in a way beneficial to themselves, Mr. Fleming's interpretation is
too limited and defeats the legislative intent of this section.

2. Mr. Fleming further alleges that the applicability to the
MBTA of statutes other than the conflict of interest law govern
whether the Commission may apply M.G.L. c. 268A in this case. In
support of this allegation, Mr. Fleming relies on M.G.L. c. 30,
s.21 which prohibits a person from receiving two salaries from the
treasury of the Commonwealth. He maintains that since M.G.L. c.
268A, s.7 and M.G.L. c. 30, s.21 address the same issue, his
compliance with M.G.L. c. 30, s.21 satisfies the requirements of
M.G.L. c. 268A, s.7. The Commission also rejects this argument.

The Commission finds here, as in the Doherty matter, that the
scope of the prohibition in M.G.L. c. 268A, s.7 is broader than the
restrictions of M.G.L. c. 30, s.21. The former does not address the
source from which the funds derive, but prohibits state employees
from having a financial interest in a state contract irrespective
of whether the funds pas through the treasury of the Commonwealth.
Moreover, the Commission has concluded in an Advisory Opinion that
a state employee violated M.G.L. c. 268A, s.7 notwithstanding his
compliance with M.G.L. c. 30, s.21. See, EC-COI-82-102.

C. Affirmative Defense:

Mr. Fleming does not formally raise any affirmative defenses,
but he makes certain legal and equitable arguments which warrant
discussion.

1. Grandfather Clause

Mr. Fleming contends that the Court Reform Act, St. 1978, c.
478, s.328, has a "grandfather clause" which restricts the
enforcement of M.G.L. c. 268A. To support his contention, Mr.
Fleming argues that enforcement of M.G.L. c. 268A would adversely
affect his seniority and retirement rights in violation of St. 1978
c. 478, s.328.[2] However, the Commission finds that the
"grandfather clause" of St. 1978 c. 478, s.328 does not address
M.G.L. c. 268A. Further, since the Commission's actions do not
affect the benefits that Mr. Fleming has previously acquired, there
is no conflict between this enforcement action and St. 1978 c. 478,
s.328.

2. Laches

Mr. Fleming also alleges that he has relied on the inaction
of law enforcement agencies to his detriment. Mr. Fleming contends
that the Commonwealth had an obligation to notify him that he was
in violation of the law upon the passage of St. 1978 c. 478. For
the reasons stated in Doherty, the Commission rejects this
argument. There is no evidence in the record which indicates that
any law enforcement agencies of the Commonwealth knew of Mr.
Fleming's dual employment arrangement prior to the initiation of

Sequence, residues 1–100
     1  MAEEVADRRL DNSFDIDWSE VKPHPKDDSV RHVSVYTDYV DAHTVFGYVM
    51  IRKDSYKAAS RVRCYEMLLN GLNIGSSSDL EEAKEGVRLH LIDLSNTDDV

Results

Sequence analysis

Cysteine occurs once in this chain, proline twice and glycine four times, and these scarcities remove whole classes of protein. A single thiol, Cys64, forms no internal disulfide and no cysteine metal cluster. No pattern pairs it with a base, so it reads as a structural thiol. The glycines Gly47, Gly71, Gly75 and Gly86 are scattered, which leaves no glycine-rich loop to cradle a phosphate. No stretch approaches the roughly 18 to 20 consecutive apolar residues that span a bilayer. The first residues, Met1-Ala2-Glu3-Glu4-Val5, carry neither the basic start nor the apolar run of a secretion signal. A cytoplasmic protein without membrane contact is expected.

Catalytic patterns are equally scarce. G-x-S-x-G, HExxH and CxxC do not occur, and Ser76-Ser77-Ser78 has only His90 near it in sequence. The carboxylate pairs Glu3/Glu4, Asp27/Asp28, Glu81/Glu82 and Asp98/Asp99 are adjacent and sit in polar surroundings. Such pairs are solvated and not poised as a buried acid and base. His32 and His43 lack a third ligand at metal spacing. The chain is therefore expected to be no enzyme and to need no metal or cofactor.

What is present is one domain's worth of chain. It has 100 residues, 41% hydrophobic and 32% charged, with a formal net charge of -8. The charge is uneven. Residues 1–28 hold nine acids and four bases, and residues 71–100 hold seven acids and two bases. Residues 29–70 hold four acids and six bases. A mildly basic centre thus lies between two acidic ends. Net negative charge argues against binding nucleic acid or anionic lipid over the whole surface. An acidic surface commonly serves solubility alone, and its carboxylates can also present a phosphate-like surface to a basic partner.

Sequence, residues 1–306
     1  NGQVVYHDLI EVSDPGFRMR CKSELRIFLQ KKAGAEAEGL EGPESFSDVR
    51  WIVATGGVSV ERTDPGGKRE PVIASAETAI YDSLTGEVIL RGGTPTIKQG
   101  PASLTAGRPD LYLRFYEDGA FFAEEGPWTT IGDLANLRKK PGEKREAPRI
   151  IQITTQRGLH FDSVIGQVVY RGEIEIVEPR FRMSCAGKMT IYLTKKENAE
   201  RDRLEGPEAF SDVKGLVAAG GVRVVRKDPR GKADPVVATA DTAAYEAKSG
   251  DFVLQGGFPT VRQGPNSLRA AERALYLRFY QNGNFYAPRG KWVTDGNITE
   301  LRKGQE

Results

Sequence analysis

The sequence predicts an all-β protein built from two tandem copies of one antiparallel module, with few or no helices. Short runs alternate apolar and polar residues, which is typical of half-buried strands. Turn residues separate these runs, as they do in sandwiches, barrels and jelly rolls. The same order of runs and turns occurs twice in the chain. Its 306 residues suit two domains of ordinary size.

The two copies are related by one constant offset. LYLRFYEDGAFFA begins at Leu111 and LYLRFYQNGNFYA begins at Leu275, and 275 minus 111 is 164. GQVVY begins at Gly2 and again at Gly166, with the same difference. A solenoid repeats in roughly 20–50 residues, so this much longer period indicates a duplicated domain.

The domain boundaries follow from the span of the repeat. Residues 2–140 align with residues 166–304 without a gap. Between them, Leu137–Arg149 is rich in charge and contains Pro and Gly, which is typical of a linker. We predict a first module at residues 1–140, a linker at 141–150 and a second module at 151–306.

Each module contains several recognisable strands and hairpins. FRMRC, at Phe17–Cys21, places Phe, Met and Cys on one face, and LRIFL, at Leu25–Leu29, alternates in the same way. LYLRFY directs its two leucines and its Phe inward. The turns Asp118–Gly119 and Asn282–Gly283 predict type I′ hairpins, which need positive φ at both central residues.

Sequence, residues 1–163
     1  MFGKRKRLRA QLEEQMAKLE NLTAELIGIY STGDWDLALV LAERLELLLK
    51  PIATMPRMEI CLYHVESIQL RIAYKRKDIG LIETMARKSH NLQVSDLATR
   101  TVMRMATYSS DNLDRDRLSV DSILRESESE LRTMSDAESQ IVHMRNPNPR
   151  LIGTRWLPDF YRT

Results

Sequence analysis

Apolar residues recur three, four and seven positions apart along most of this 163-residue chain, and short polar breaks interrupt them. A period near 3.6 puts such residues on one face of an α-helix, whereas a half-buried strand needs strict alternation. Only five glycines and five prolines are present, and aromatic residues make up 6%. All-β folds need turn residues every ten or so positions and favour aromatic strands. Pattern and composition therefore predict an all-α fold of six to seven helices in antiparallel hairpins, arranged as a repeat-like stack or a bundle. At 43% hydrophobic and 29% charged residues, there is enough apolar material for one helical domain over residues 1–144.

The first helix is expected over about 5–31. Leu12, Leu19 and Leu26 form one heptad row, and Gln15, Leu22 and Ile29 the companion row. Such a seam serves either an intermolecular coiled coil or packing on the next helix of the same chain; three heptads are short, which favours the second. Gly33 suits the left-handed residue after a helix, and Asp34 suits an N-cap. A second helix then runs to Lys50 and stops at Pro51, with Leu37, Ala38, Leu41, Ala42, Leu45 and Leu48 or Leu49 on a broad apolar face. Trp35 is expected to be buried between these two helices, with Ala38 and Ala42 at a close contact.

this proceeding. Moreover, the defense of laches is not available
to an individual against a public agency authorized to enforce the
laws of the Commonwealth. The Board of Health of Holbrook v.
Nelson, 351 Mass. 17 (1966).


IV. Order


On the basis of the foregoing, the Commission concludes that
David I. Fleming, Jr. is in violation of M.G.L. c. 268A, s.7.
Pursuant to the Commission's authority under M.G.L. c. 268B,
s.4(d), the Commission orders that Mr. Fleming cease and desist
from such violation and pay the civil penalty as set forth
below.[3] Accordingly, the Commission orders David I. Fleming, Jr.
to:

Page 121

1. Cease and desist from violating M.G.L. c. 268A, s.7 by
terminating one of his employment arrangements with the state.

2. Pay $100 (one hundred dollars) to the Commission as a civil
penalty for having a financial interest in a contract made by the
MBTA in violation of M.G.L. c. 268A, s.7.

The Commission directs Mr. Fleming to comply with these orders
within fourteen days of receipt of this Decision and Order.

---------------

[1] Mr. Fleming also argues that because M.G.L. c. 258, s.1
(the Sovereign Immunity Act) excludes the MBTA from its definition
of public employer, the MBTA cannot he a state agency for the pure
of M.G.L. c. 268A. However, the exclusion of the MBTA from M.G.L.
c. 268, s.1 is neither inconsistent with, nor relevant to the
Commission's conclusion that the MBTA is a state agency under c.
268A, s.1(p).

[2] The pertinent language of St. 1975 c. 478, s.328 states
that". . . appointive personnel employed in the judicial system of
the Commonwealth shall continue to serve therein... without loss
of seniority, vacation or retirement rights."

[3] Consistent with the Doherty matter, the Commission has
considered certain mitigating factors which furnish a basis for the
commission's decision to impose a less-than-maximum penalty.
Because this and Doherty are the first Commission Adjudicatory
Decisions involving a violation of M.G.L. c. 268A, s.7. the
commission concludes that a minimum fine together with a cease and
desist order is an appropriate sanction. However, subsequent cases
based upon comparable violations of s.7 will be subject to a more
substantial civil fine.

End Of Decision